1. What fundamental question does Dawkins want to consider?
(a) Why do genes exist?
(b) Why do molecules exist?
(c) Why do people exist?
(d) Why does DNA exist?
2. How does the author define intelligent life?
(a) As life that creates lasting communications.
(b) As life that tries to define itself.
(c) As life that distinguishes itself from other life.
(d) As life that asks where it came from.
3. How common does Dawkins say doubt about evolution is?
(a) He says it's nonexistent.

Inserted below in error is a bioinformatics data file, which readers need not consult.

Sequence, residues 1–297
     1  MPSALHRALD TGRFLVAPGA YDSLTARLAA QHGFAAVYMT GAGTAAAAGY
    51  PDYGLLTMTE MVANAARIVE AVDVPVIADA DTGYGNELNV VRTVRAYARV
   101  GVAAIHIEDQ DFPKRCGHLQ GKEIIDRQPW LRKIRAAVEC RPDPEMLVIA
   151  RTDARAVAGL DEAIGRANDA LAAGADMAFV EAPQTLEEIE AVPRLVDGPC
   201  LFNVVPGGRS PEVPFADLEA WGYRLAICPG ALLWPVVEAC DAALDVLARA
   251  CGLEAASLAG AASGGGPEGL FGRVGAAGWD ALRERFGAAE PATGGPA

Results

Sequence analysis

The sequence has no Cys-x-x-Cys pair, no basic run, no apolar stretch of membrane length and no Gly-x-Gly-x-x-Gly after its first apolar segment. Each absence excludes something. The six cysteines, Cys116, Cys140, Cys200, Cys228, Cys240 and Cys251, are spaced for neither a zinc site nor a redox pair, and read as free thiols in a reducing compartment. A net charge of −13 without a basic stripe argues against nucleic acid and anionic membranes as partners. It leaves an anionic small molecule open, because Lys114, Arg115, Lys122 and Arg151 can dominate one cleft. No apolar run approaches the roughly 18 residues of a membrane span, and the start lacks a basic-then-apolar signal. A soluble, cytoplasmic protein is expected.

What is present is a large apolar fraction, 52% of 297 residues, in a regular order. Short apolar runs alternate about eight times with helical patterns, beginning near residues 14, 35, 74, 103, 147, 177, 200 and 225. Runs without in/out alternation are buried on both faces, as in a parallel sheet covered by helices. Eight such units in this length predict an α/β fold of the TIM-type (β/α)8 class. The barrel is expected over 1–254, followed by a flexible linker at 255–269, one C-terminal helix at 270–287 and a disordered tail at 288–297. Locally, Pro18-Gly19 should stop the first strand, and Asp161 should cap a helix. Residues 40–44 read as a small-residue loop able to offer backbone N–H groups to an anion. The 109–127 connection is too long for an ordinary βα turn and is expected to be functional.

(b) He says it's rare.
(c) He says it's in everyone.
(d) He says it's common.
4. What two opposites does Dawkins say he is examining the biology of?
(a) Rationality and emotionalism.
(b) Selfishness and altruism.
(c) Self-centeredness and other-centeredness.
(d) Individuality and community.
5. What does Dawkins say that evolution is about?
(a) The good of an individual person.
(b) The good of a particular DNA combination.
(c) The good of an individual gene.
(d) The good of a species.
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